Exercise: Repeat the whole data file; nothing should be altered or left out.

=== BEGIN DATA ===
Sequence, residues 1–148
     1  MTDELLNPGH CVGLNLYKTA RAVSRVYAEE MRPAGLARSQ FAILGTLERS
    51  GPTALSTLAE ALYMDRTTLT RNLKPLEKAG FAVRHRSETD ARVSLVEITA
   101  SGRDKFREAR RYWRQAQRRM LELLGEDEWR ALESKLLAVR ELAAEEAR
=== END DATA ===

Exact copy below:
Sequence, residues 1–148
     1  MTDELLNPGH CVGLNLYKTA RAVSRVYAEE MRPAGLARSQ FAILGTLERS
    51  GPTALSTLAE ALYMDRTTLT RNLKPLEKAG FAVRHRSETD ARVSLVEITA
   101  SGRDKFREAR RYWRQAQRRM LELLGEDEWR ALESKLLAVR ELAAEEAR